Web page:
WITCH fourth reboot birthday
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To mark the fourth anniversary of the reboot of the world's oldest working digital computer, the preparatory drawings for a forthcoming Portrait of a Live WITCH by John Yeadon are revealed. And this time it's digital.
The Harwell Dekatron / WITCH computer is world-famous and has been through several reincarnations. First operational in 1951 at the Harwell Atomic Energy Research Establishment, it then moved to Wolverhampton to be used in teaching. By 1983 it was on display but no longer working in a Birmingham Museum. There in its silent state, it inspired John Yeadon to create a huge, almost life-size Portrait of a Dead WITCH. A few years later when the Birmingham museum closed the WITCH computer disappeared from public view and later still Yeadon's painting seemed to vanish too.
The dismantled computer was rediscovered in storage in 2009 and brought to TNMOC where it was skilfully restored and rebooted in 2012. Today, visitors, especially school groups are fascinated to watch the inner workings of one of the world's first computers.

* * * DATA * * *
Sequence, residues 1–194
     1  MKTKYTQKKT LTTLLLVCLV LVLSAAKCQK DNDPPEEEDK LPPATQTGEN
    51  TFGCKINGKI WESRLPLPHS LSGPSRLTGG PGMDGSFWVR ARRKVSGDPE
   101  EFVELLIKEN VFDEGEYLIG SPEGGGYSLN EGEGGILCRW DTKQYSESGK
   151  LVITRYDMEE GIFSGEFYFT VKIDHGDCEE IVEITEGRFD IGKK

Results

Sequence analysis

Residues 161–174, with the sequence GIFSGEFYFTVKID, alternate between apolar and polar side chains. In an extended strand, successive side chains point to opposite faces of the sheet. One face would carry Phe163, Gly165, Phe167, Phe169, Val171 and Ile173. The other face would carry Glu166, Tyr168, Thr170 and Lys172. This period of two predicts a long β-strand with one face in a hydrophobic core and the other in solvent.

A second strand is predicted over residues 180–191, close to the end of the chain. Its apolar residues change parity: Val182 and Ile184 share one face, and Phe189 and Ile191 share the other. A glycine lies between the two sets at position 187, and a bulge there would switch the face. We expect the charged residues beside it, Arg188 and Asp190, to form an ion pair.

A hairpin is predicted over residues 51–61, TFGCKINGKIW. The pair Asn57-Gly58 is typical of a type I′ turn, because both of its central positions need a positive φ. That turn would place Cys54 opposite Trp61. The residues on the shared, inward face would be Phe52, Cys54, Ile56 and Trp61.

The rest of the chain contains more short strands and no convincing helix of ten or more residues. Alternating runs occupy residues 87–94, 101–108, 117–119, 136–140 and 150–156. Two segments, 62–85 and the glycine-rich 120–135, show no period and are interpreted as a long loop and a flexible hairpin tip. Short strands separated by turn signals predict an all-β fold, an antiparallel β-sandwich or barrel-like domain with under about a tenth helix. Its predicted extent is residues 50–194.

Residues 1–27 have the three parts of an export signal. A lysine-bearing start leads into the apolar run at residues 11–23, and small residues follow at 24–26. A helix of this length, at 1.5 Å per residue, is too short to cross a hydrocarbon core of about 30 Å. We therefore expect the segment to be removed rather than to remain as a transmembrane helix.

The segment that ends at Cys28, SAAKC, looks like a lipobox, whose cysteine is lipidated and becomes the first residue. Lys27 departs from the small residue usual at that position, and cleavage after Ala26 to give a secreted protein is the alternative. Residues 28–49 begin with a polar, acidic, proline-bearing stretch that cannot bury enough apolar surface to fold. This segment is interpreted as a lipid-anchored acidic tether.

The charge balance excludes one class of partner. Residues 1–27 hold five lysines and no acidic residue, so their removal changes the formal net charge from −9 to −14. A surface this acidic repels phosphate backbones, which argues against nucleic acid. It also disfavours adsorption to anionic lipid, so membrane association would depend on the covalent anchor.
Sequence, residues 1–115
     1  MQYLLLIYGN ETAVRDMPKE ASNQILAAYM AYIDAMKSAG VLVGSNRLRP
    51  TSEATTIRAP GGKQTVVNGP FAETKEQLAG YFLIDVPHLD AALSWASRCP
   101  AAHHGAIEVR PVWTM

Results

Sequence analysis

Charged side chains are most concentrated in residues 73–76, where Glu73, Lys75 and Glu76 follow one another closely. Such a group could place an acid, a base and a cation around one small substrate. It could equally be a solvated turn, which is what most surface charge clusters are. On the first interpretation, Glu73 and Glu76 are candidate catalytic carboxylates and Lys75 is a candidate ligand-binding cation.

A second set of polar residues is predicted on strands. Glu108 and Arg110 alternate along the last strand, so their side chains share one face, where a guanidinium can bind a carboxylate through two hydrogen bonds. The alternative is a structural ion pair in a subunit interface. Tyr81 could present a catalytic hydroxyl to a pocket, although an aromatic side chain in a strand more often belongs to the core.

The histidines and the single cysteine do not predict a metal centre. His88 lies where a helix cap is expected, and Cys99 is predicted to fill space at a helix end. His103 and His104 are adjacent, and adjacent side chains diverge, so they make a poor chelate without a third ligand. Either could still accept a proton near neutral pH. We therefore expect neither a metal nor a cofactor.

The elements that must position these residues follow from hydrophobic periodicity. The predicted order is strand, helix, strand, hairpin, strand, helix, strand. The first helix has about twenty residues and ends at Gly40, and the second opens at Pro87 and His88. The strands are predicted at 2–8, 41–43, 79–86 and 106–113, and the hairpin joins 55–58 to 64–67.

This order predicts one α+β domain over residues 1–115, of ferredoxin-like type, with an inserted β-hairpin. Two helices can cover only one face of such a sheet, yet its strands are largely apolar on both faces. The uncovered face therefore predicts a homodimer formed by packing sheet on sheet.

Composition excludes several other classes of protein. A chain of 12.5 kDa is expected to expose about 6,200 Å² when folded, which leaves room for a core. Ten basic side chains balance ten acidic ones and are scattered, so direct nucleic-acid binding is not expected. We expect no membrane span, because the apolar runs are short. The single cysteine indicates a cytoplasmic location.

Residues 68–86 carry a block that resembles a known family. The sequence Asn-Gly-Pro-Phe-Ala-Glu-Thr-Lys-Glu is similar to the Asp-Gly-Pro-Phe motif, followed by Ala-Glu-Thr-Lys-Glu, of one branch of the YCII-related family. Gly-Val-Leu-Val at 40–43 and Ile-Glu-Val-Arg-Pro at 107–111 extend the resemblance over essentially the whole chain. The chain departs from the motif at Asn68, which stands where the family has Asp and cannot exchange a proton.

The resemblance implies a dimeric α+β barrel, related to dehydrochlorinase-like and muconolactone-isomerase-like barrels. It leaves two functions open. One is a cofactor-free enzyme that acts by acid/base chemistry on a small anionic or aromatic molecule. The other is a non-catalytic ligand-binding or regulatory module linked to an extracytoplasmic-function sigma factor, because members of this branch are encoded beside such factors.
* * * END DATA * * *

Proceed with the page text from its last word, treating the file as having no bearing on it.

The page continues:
Yeadon's portrait was rediscovered in Manchester's Jam Street Cafe Bar earlier this year.
Last month, at Hallowe'en, Yeadon came to TNMOC to see the WITCH computer for the first time in more than three decades. This time, he was able to see it up-and-running. "It is fantastic," he said. "It makes noises and lights up. It certainly did not disappoint. A museum volunteer explained to me how it worked, so this time I wasn't just looking at 'things'! For the first time, I realised what the various components are for."
Yeadon was so inspired, he began to digitally draw the live WITCH on a state-of-the-art Wacom tablet. "One of the volunteers showed me how to use it and I was learning as I went along. Then my great nephew, Charlie, who was with me, lent a helping hand. He put in some extra colours to enliven it and freshen it up."
Yeadon plans to create a hardcopy version of a Portrait of a Live WITCH. Although it won't be quite as large as the huge, two meters by three metres, original which covers a wall in the Jam Street Cafe Bar in Whalley Range, Manchester, the Museum is eager for its creation because WITCH memorabilia is so popular with visitors.
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